Glass is the most important primary packaging material for injectable drugs, but the demanding requirements of today’s sensitive biologicals mean that we must consider newer, safer alternatives.
Holger Krenz |
Risk mitigation is clearly a big issue for the pharma industry, and companies must go to great lengths to ensure that the necessary tools are in place to manage every potential risk. To this end, we’ve seen countless innovations across the field to ensure that development activities are well documented, that production processes are validated, and that clinical trials are run efficiently. Additionally, we’ve seen greater focus on the patient interface, which has spurred the development of patient-friendly drug delivery devices, such as auto-injectors, pre-filled syringes and ancillary systems.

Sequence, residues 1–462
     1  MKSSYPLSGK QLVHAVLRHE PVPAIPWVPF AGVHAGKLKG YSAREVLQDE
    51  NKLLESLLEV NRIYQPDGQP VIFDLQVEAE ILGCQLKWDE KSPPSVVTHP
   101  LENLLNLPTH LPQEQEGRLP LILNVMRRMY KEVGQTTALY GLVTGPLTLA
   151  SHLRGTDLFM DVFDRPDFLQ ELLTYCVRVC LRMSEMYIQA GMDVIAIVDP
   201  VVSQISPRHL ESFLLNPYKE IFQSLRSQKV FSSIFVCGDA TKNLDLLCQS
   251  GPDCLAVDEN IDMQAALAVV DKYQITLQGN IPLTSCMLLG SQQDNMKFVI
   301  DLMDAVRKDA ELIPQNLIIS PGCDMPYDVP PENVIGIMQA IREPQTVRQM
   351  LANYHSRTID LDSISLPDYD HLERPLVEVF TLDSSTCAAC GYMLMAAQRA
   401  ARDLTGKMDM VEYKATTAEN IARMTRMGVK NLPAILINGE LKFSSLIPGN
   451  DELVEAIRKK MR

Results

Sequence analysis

Despite these innovations, one area of drug packaging has remained more or less unchanged for decades – the packaging for parenterals. Container shelf life plays a very important role in ensuring the stability and reliability of the drug product. The traditional material of choice for primary packaging is borosilicate glass. Glass is a natural product with excellent intrinsic properties; it is inert and virtually gas impermeable. Unfortunately, there are also some drawbacks – glass is fragile, difficult to control within the manufacturing process, and its batch-to-batch quality varies due to the natural source of its ingredients.
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